Charles Sturt University
Charles Sturt University

Native Soybeans

The Native Soybeans - Glycine species

By Suzanne Prober & Kevin Thiele, 2001.

The Soybean (Glycine max) is known to most of us. Originally from China, it is now grown worldwide and is one of the world's most important sources of protein and oil.

Native SoybeanWell, Australia has its very own native soybeans (Glycine species). In fact, most species in the soybean genus are Australians, and a number of them are common in the Grassy Box Woodlands. They are hardy species that are often found in remnants, both ungrazed and lightly grazed. Look for them in late spring and summer when their clusters of mauve-pink to purple flowers adorn the grass tufts or dead branches they twine up.

We don't suggest that people rush out and start shelling native soybeans for the pot, but scientists in both Australia and the US certainly see them as an important genetic resource. Some native species show high resistance to the serious disease soybean rust (Phakopsora pachyrhizi), and could be used to develop a resistant commercial cultivar. The pollination biology of native species is being studied to help improve production of hybrid seed in soybean crops. Deep-rooted perennial legumes like native soybeans have potential for ameliorating salinity problems, and a cultivar of one species (Glycine latifolia) has already been released as a commercial pasture species for the black soils of the Darling Downs in south-east Queensland.

Being legumes, all soybeans have important relationships with Rhizobium bacteria, which live in root-nodules and allow the plant to fix nitrogen from the air. Research into the rhizobia of soybeans, including native Australian strains, is being undertaken in the US, and may be important in helping with revegetation efforts.

For all these studies, scientists need to collect native soy beans from many different natural populations, to screen for differences in disease resistance etc. That's another reason why saving Grassy Box Woodland remnants, with their precious cargo of native plants and animals, is so important.

Growing native soybeans

Native Glycine species should be easy to grow and reintroduce into Grassy Box Woodland remnants. Collect seeds in summer when the pods begin to split. The seeds have hard coats like wattles and other legumes, and will benefit from hot-water treatment - put some seeds in ajar and cover with just-boiling water. Leave to cool, then examine the seeds - some will have swelled to double their size, others will be unchanged. Sow the swollen ones in ordinary potting mix. Germination will be rapid.

How to recognise native soybeans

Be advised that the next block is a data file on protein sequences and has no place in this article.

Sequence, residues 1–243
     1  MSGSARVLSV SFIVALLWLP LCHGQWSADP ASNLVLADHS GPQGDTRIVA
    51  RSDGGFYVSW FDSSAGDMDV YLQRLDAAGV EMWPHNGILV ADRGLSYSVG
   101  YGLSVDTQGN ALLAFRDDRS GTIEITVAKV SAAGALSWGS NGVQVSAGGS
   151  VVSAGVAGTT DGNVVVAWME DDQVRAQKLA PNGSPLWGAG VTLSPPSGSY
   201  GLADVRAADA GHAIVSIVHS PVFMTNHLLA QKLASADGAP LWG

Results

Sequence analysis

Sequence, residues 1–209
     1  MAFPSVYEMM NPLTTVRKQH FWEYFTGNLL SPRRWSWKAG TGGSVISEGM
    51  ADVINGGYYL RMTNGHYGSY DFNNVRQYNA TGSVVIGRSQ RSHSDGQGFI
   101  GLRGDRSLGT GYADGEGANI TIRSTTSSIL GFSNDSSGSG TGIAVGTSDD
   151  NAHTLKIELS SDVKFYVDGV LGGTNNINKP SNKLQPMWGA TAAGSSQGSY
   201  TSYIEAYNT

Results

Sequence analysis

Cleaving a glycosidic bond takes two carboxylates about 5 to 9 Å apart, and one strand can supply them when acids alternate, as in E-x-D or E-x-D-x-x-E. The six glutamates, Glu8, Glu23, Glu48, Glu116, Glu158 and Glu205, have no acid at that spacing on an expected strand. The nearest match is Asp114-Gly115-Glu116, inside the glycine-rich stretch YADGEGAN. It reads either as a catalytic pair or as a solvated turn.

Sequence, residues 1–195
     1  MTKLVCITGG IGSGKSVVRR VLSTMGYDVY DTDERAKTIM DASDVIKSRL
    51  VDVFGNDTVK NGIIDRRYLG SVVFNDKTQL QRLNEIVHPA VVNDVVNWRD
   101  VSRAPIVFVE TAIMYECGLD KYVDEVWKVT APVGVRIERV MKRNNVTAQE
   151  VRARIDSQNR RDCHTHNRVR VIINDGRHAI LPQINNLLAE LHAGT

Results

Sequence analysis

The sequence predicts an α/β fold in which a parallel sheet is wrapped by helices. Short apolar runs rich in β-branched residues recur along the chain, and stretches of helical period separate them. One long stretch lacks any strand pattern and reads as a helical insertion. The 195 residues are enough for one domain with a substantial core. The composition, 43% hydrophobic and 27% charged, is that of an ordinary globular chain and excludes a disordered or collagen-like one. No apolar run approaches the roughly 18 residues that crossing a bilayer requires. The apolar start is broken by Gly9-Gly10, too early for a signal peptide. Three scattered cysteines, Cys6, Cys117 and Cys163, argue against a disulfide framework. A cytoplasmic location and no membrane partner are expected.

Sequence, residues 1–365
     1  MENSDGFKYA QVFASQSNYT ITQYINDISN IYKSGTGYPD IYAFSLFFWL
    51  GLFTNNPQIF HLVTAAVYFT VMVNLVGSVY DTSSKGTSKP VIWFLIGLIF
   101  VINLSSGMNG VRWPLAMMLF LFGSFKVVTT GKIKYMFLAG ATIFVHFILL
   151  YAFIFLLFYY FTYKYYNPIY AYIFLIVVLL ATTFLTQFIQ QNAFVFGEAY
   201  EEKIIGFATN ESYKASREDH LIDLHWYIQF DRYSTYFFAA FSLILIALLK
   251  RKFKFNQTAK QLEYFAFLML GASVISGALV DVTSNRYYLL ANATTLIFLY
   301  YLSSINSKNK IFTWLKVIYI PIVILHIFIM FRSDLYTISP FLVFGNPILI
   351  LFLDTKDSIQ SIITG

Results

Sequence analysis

The two most common native soybean species found in the Grassy Box Woodlands of New South Wales are Glycine tabacina and G. clandestina. Both have long, trailing or twining stems, with leaves made up of three leaflets, as in clovers. The leaflets are often roundish in very young plants, but become long (0.7 -8cm) and narrow (2-10 mm) in mature plants. The plants have small, mauve to purple pea-shaped flowers. They produce slender pods like beans, each to about 5 cm long and 4 mm wide. These two species are best distinguished by the length of the stalks on their leaflets. In G. clandestina. all three stalks in a leaf are about the same length, while in G. tabacina the middle leaflet has a distinctly longer stalk than the two lateral ones. The leaves of G. tabacina can be difficult to distinguish from another twining woodland pea, Slender Tick Trefoil (Desmodium vari{ms). However, that species has very different pods (with distinctive constrictions around each seed) and white to pink flowers.

Other native soybean species that might be found in the Grassy Box Woodlands include G. tomentella (Woolly Glycine), with soft golden-brown hairs on the leaves, G. latifolia, with broad, almost round, leaflets, and G. canescens (Silky Glycine), with very slender, silky-hairy leaflets.


  • Button, U. (1988) Major gene resistance to Phakopsora paehyrhizi in Glycine caneseens, a wild relative of soybean. Theo, Appl. Gene/. 75, 923-928.
  • Doyle, J.J., Doyle, JA & Brown, A.H.D. (1999) Origins, colonization, and lineage recombination in a widespread perennial soybean polyploid complex. Proe. No/I. Acad. Sei. USA 96,10741-5.
  • Kenworthy, W.J., Brown, A.H.D. & Thibou, G.A. (1989) Variation in flowering response to photoeriod in perennial Glycine species. Crop Science 29, 687-82.
  • Lolicato, S. J. and Rogers, M.E. (1997) Adaptation of pasture legumes to acid, shallow soils in Central Victoria. Aus/. J. Expa Ag,ic 37, 779-91.

This article was first published in Woodland Wanderings, Spring 2001.